Dave Merklinger’s Olympic adventure has kicked off a few weeks earlier than he anticipated. Hired to oversee the ice making for the men’s and women’s curling at the Vancouver Games, the manager of the Vernon Curling Club didn’t expect to leave for the Mainland until a week before the games.
An unexpected visitor Tuesday morning changed all that.
“I was just in the club at 10 in the morning and a girl comes in and asks ‘I’m kind of looking for somebody that would like to run the torch?’ I said, ‘Well, I’m doing the ice for the Olympics, I might as well carry the torch while I’m at it,’” explained Merklinger.
In minutes, he was kitted up in an Olympic track suit, torch in hand, and ready to run a 300-metre section of the Vernon torch relay.
Proudly waving the $400 torch he bought as a souvenir, Merklinger laughed: “At the end they asked if I’d like a bottle of water, and I said ‘No, but I’d like a nice cold beer.’”
Chuckled Wayne Laface, who will be Merklinger’s assistant in Vancouver: “It cost him $12 a metre.”
With Merklinger and Laface running the show, it will be the first time an all-Canadian duo has supervised the ice making at the Olympics. They already have plans on how they can put their signature on the ice, and improve it from previous Games.
“The quality of ice in past Olympics has been alright, just a little inconsistently straight. So now they’re finally going to give it to the hands of Canadian ice makers,” said Merklinger, 55.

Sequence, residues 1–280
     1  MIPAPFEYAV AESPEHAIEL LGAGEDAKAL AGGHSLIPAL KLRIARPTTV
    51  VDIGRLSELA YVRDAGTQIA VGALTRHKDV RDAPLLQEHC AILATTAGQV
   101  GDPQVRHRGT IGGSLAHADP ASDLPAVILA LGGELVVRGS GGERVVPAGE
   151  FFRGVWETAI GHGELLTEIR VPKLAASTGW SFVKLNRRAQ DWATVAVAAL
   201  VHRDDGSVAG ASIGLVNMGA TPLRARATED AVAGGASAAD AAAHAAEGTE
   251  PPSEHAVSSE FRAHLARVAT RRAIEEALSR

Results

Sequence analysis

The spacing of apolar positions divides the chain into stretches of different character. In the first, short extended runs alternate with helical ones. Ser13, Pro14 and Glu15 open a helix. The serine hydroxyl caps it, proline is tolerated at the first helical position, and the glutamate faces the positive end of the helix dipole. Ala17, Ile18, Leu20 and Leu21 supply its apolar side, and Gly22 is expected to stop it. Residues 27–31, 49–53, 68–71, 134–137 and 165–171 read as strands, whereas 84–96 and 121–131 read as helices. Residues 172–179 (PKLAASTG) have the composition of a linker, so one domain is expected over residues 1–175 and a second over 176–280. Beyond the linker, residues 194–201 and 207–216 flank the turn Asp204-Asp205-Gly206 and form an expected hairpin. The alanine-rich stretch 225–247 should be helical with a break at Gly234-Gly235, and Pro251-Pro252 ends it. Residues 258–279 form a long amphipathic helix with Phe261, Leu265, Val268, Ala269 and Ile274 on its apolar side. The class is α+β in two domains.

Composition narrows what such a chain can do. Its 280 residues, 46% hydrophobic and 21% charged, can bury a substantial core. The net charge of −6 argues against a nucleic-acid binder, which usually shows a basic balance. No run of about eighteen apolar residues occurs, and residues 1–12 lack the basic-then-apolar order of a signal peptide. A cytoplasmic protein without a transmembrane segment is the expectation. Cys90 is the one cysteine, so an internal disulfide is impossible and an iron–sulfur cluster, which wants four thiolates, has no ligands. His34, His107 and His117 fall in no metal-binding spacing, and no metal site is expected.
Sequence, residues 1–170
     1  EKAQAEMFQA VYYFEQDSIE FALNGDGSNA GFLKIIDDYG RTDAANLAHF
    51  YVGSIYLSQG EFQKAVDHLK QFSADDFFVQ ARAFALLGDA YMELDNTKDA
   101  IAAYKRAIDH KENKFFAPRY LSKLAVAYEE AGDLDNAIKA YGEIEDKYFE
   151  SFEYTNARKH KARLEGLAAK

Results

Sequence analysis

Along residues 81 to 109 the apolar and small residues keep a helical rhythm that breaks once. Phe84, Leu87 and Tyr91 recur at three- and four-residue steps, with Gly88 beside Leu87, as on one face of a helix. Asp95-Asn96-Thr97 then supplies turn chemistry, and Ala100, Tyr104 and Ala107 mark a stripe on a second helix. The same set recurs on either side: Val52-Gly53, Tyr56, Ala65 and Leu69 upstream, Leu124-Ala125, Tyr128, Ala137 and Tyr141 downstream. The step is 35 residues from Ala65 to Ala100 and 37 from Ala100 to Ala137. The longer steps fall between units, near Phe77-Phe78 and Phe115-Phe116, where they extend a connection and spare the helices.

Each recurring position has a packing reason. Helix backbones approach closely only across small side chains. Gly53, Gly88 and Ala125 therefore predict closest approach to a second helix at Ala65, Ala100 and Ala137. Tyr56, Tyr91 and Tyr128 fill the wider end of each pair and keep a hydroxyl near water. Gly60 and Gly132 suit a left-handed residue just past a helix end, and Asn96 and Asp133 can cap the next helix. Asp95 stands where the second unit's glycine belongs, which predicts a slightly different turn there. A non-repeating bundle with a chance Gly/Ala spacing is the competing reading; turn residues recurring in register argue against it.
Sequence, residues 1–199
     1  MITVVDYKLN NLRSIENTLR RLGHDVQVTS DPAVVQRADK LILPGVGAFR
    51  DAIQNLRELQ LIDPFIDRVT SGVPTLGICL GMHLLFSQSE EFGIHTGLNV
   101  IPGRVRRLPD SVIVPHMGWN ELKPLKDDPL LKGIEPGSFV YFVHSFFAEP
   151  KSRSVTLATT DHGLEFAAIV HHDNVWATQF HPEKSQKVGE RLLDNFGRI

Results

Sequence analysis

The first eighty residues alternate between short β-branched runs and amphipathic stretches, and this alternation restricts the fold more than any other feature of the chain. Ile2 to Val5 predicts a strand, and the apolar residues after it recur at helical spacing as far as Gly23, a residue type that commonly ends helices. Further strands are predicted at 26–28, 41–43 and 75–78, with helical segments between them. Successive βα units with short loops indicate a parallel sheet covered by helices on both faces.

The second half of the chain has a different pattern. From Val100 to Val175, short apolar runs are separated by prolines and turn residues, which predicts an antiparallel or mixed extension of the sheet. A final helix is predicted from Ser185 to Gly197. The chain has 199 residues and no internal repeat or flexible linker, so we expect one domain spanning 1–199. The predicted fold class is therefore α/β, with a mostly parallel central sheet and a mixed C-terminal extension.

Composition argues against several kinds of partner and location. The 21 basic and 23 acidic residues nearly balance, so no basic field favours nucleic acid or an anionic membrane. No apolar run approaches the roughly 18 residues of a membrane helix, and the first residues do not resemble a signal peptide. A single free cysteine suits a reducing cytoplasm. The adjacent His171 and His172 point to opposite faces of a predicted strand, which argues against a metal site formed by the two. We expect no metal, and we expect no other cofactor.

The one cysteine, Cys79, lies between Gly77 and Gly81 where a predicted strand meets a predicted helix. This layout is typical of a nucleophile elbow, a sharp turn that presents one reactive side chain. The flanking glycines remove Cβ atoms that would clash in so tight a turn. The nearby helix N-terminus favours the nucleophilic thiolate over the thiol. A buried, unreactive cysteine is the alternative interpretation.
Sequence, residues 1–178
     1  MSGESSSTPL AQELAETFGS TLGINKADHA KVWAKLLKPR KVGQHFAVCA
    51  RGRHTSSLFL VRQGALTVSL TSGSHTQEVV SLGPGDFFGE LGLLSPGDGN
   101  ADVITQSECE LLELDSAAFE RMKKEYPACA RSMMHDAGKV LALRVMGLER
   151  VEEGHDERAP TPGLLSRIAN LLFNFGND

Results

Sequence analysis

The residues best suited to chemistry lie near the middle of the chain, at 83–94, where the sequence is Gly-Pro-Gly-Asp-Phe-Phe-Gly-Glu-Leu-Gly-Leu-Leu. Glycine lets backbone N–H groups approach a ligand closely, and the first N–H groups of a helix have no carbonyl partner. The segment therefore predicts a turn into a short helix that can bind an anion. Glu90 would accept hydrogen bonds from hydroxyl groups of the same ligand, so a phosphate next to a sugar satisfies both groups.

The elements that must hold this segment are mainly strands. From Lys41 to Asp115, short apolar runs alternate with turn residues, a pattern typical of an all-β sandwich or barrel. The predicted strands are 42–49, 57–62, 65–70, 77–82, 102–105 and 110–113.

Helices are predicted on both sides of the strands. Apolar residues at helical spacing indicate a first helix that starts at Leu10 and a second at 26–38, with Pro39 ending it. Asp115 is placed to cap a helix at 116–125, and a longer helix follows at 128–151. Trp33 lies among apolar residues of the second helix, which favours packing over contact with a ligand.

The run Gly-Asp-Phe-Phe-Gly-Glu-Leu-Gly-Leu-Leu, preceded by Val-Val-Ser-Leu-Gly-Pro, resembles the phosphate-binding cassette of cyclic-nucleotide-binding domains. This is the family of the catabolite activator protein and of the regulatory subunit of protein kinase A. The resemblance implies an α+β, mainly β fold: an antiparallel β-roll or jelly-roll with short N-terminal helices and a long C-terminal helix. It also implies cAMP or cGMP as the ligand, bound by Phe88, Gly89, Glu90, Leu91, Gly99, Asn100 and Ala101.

Added Laface: “We can guarantee one thing, and that is there will be lots of swing.”
Having tended the ice at the Vancouver Olympic Centre at Hillcrest Park for last year’s junior nationals, Merklinger and Laface are already familiar with the new facility. They will also have most of the ice crew that worked that event back for the Olympics. If there is one variable that might pose a problem at the venue, it is the 6,200 seating capacity.
“Vancouver is a rainy part of the country. There’s going to be lots of humidity and when you get 6,000 people in there it just adds to it,” said Merklinger. “They’ve gone over and above spending money to ensure we have the right dehumidification systems – the rest is up to us.
“I pray that the curling gods allow us to make really, really good ice for these guys to perform on. That’s really what it boils down to. If they can have good conditions, they’re going to be able to showcase curling the way it should.”
As one of the top ice makers in Canada, and therefore the world, Merklinger has prepped the ice for every other major curling event on the planet. From the Twin Anchors Curling Classic to the world championships, he has done it all. And from former women’s world champion Jennifer Jones to Team France – who specifically travelled to the Vernon club to prepare for Olympics – he has the respect of the world curling elite.
“First time for the Olympics, but now I can say I’ve done every major event. That’s it, so now they can put me out to pasture,” grinned Merklinger, who curls third for Laface on Wednesday nights in the Capri Insurance Super League.
Merklinger says it was a no-brainer to bring 66-year-old Laface along for the job.
“He’s done enough. He makes really good ice and he’s saved my butt and made this ice what it is here today. So I said ‘You know what? You’re coming with me, old man.’”
Before they can begin worrying about Vancouver, Merklinger and Laface must first tend to the Canadian Direct Insurance B.C. Men’s Championships, which start Monday at the club.